(21 Nov. 1995)
A peace deal brokered by US President Clinton and his Secretary of State, Warren Christopher, between the Presidents of Bosnia (Izetbegovic), Yugoslavia (Milošević), and Croatia (Tudjman), after six days of intense negotiations in Dayton (Ohio). It provided for a nominally united Bosnian state, which was effectively divided between a decentralized Bosnian–Croat Federation and a centralized Serb Republic. In order to ensure the stability of the peace, to supervise the relationship between the former enemies, and to encourage their cooperation, under US leadership NATO committed 60,000 troops, under the auspices of the UN. The agreement restored a fragile peace, but also contained significant shortcomings; for example, Bosnians who found themselves living in areas that would be under Serb control burnt their homes rather than leave them to the former enemy, and vice versa. The agreement itself was nothing new and had been under discussion for two years. That it took the active involvement of the USA to implement it, demonstrated the continued US predominance in world politics, unrivalled even by the combined efforts of the European Union.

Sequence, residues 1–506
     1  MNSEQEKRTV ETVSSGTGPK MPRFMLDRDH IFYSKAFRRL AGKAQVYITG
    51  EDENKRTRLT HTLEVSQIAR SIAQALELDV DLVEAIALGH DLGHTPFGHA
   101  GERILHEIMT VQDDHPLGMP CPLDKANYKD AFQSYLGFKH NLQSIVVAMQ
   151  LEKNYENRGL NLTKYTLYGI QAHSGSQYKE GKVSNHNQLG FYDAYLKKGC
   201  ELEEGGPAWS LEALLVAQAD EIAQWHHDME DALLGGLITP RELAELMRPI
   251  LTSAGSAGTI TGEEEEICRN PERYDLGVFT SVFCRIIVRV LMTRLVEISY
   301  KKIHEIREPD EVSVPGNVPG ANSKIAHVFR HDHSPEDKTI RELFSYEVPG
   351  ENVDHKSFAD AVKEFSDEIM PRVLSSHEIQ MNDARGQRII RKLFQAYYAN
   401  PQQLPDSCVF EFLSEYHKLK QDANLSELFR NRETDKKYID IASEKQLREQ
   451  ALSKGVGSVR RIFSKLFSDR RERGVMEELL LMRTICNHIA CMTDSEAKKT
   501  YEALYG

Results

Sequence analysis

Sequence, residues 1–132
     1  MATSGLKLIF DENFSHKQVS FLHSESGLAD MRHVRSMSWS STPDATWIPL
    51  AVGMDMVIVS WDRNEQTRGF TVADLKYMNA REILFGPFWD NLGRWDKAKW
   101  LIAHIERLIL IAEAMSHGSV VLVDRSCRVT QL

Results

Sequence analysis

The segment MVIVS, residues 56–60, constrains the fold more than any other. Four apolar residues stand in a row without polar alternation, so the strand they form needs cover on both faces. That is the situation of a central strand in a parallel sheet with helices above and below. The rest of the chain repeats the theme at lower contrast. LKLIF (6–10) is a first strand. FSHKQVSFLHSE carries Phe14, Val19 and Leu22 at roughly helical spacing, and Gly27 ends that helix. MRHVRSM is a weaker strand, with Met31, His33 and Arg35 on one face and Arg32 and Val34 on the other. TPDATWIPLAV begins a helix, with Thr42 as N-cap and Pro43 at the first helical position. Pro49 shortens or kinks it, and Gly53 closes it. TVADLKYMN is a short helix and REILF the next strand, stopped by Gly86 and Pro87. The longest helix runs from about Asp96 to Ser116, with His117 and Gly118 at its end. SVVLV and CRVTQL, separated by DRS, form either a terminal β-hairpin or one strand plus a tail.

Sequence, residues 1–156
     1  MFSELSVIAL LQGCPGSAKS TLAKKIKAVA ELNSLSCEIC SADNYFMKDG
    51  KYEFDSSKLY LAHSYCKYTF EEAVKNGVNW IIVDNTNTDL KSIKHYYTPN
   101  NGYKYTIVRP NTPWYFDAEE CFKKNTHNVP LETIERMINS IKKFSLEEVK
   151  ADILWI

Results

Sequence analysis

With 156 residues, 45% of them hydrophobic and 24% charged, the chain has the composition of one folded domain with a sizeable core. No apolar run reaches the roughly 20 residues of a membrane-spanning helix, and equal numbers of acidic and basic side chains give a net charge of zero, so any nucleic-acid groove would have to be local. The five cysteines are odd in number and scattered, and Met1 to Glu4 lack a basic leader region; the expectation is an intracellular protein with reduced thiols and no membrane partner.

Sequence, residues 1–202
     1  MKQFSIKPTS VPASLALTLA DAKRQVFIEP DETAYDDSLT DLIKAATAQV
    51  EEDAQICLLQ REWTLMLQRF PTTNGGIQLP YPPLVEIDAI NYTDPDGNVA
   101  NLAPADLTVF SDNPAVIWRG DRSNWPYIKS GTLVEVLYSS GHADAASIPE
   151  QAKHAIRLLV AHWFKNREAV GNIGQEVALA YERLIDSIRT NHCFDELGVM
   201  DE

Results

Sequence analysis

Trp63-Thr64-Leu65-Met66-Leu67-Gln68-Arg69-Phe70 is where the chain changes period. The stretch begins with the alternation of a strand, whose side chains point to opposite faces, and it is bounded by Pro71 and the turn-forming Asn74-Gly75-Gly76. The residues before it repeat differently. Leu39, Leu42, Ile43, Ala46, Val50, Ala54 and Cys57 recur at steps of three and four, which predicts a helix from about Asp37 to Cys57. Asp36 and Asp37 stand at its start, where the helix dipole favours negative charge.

Subjects: Contemporary History (Post 1945).